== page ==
Thursday, 6 November 2014

Not a lot of people raise their house prices

From the Daily Mail:

Sir Michael Caine was among a string of stars who left the country in the Seventies to escape the punitive 83 per cent income tax rate.

Although the actor is now happily ensconced back in Britain on his Surrey estate, Ed Miliband’s proposed mansion tax has got him worried again.

‘This is a preposterous and silly tax, and I’m very unhappy about it,’ he tells me. ‘I’ve also got a two-bedroom flat in Chelsea Harbour and, due to its value, that’s now a mansion as well.

So, sell it, then. You don't need to live in London, you can live anywhere in the UK with your job.

‘The tax will be based on current property values, but what if there’s a property slump and it goes down? Will I get my money back?’

If I have a good year at work, followed by a crappy year, do I get my income tax back?

Caine and his wife, Shakira, own a Chelsea Harbour penthouse and Keston Lodge, a Tesco-style country mansion in Leatherhead surrounded by 20 acres, which he bought for £1 million in 1999.

Right, so live near Leatherhead. Perfectly nice place to live, and if it was £1m in 1999, it's probably a whisker under £2m now.

‘I feel sorry for all the older people who’ve worked hard all their lives and their London suburban house falls into this category,’ adds Sir Michael, 81, speaking at his artist chum Adam Bricusse’s Kaleido preview party at the Lights of Soho gallery.

Who did nothing to end up with £2m houses.

Caine, the son of a fish porter and a charlady, is worth £50 million after appearing in more than 80 films.

So, why's he bothered about the frankly paltry amount of tax that his £2m house will cost? Few grand a year, he makes a lot more than that for 5 minutes on screen as the elderly sage in all of Christopher Nolan's films.

It does have to be asked, though: How much would his house price fall if he blew the bloody doors off?


Mark Wadsworth said...

It's actually an observable fact that some people move from one country to another in response to high tax rates on annual earned income, or taxes on wealth generally.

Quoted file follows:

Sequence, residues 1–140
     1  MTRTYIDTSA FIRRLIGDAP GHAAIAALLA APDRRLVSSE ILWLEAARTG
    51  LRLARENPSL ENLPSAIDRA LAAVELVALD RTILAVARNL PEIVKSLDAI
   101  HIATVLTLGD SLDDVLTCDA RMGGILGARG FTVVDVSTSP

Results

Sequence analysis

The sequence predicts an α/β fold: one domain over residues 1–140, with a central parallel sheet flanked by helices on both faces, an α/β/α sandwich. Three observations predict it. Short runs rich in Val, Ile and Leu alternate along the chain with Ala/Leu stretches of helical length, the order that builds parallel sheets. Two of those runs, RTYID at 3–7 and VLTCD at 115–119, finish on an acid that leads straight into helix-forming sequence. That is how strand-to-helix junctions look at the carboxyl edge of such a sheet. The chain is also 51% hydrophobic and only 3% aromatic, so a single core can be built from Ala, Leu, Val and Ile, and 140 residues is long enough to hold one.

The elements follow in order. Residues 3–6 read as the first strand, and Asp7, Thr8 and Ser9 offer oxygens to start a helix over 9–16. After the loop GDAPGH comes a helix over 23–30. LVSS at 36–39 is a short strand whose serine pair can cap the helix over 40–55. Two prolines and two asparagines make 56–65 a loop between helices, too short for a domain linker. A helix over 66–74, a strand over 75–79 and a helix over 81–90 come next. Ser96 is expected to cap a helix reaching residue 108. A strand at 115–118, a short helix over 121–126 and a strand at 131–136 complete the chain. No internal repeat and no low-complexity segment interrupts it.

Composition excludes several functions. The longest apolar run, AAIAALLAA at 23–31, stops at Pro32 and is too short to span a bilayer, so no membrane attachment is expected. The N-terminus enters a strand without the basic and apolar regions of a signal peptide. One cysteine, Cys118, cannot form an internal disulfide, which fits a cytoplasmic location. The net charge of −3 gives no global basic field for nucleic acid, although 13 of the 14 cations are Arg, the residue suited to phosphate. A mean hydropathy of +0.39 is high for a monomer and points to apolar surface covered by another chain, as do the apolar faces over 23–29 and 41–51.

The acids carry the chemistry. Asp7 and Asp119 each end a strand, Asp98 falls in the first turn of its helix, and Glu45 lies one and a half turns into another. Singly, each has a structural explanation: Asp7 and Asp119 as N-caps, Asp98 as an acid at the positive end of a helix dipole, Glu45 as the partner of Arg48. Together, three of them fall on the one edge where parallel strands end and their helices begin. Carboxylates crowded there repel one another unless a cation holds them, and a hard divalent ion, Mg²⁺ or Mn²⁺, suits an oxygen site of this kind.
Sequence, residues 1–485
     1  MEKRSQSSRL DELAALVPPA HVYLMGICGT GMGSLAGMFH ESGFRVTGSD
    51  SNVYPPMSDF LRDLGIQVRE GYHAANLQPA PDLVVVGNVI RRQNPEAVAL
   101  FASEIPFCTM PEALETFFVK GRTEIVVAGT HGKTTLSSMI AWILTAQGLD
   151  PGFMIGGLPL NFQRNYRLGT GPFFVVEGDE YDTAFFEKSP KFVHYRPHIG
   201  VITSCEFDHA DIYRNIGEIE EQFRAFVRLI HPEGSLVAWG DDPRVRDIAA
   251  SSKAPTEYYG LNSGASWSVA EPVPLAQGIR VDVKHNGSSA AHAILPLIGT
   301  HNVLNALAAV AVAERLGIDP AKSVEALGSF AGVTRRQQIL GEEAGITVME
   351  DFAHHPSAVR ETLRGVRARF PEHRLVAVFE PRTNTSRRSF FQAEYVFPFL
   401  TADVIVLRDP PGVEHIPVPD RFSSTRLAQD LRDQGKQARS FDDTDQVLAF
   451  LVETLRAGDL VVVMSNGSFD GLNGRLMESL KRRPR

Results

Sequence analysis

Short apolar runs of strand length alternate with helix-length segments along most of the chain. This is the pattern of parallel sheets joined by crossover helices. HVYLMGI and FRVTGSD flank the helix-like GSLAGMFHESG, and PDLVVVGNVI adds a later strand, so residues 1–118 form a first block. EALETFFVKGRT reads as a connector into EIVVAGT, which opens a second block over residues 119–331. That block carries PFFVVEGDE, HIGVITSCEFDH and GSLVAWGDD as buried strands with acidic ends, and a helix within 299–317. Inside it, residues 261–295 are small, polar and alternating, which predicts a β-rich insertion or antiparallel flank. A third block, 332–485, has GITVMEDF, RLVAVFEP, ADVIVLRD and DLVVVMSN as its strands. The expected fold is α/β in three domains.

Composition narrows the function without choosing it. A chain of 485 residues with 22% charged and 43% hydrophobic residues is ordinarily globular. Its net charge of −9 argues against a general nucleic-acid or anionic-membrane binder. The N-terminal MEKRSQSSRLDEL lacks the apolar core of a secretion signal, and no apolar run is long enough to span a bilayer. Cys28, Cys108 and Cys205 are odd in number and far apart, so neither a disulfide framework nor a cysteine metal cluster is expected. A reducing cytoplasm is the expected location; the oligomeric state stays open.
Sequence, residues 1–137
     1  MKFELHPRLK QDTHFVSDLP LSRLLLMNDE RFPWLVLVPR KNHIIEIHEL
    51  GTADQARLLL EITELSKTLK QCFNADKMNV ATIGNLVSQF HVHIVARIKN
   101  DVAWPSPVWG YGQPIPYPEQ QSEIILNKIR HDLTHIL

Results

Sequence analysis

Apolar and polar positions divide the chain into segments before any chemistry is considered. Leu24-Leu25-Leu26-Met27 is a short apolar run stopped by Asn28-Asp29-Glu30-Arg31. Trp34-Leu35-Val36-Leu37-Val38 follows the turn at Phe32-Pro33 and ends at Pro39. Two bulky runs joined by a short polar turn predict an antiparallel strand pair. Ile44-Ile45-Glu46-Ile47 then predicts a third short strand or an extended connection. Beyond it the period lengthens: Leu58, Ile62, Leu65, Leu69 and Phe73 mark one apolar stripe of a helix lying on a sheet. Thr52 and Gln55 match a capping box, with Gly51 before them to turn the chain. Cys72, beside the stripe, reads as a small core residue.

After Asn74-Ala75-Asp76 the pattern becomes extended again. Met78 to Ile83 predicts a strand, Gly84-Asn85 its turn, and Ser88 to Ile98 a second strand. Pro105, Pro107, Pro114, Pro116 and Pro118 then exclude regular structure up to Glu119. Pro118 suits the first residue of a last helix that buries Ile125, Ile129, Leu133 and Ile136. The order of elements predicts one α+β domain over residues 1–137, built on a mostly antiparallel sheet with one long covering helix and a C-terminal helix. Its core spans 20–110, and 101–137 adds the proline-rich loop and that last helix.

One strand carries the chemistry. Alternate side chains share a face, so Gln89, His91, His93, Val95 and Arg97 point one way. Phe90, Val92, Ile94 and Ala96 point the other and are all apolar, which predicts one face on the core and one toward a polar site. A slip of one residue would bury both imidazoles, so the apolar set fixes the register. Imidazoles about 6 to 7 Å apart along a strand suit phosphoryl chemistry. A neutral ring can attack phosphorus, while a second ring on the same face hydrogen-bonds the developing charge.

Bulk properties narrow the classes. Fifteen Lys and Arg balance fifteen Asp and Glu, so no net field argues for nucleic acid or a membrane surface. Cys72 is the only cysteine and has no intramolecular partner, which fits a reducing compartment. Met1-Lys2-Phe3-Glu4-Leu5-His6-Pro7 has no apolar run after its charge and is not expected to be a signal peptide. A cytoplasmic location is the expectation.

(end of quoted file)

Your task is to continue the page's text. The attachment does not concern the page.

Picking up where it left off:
Never and nowhere has it been observed that people move abroad in response to taxes on land values. (and even if they do, there will be other rich people willing to buy their houses off them for the new reduced price).

The whole Swiss non-dom 'lump sum' taxation system is based on multimillionaires being willing to pay approx. 5% of what their main residence is worth each year in exchange for getting a zero tax rate on annual income.

Ben Jamin' said...

@ MW

And they are still paying 8% VAT and a few other bits and bobs presumably?

Lump sum taxes fixed to land titles not individuals are definitely the way forward.

All the efficiency of a Poll Tax, but non-coercive and directly linked to benefits received.

Fair, simple, flat and efficient. What's not to like?

Graeme said...

the article makes it sound as if he is living in a converted Tesco store. Can that be right?

Mark Wadsworth said...

BJ, good idea. Let's forget about Land Value Tax and start campaigning for a Progressive Poll Tax instead.

mombers said...

Even if the twat does up sticks, he'll leave 3 houses for others to use in a more efficient way.

mombers said...

"The Oscar winner ended his self-imposed tax exile in America when Margaret Thatcher came to power as he found her tax policies much more favourable."
Would love to see what his mansion tax was in America. Can't imagine he was living in below average value place (the average US property tax is higher than the top council tax bill)

The Stigler said...


Caine's gone from being part of the wealth-creating class to the rent-seeking class, I think - from being against income taxes (when he was earning lots of income) to being pro income taxes (now he isn't).

mombers said...

Well put Mr Stigler! Do as I say, not as I do.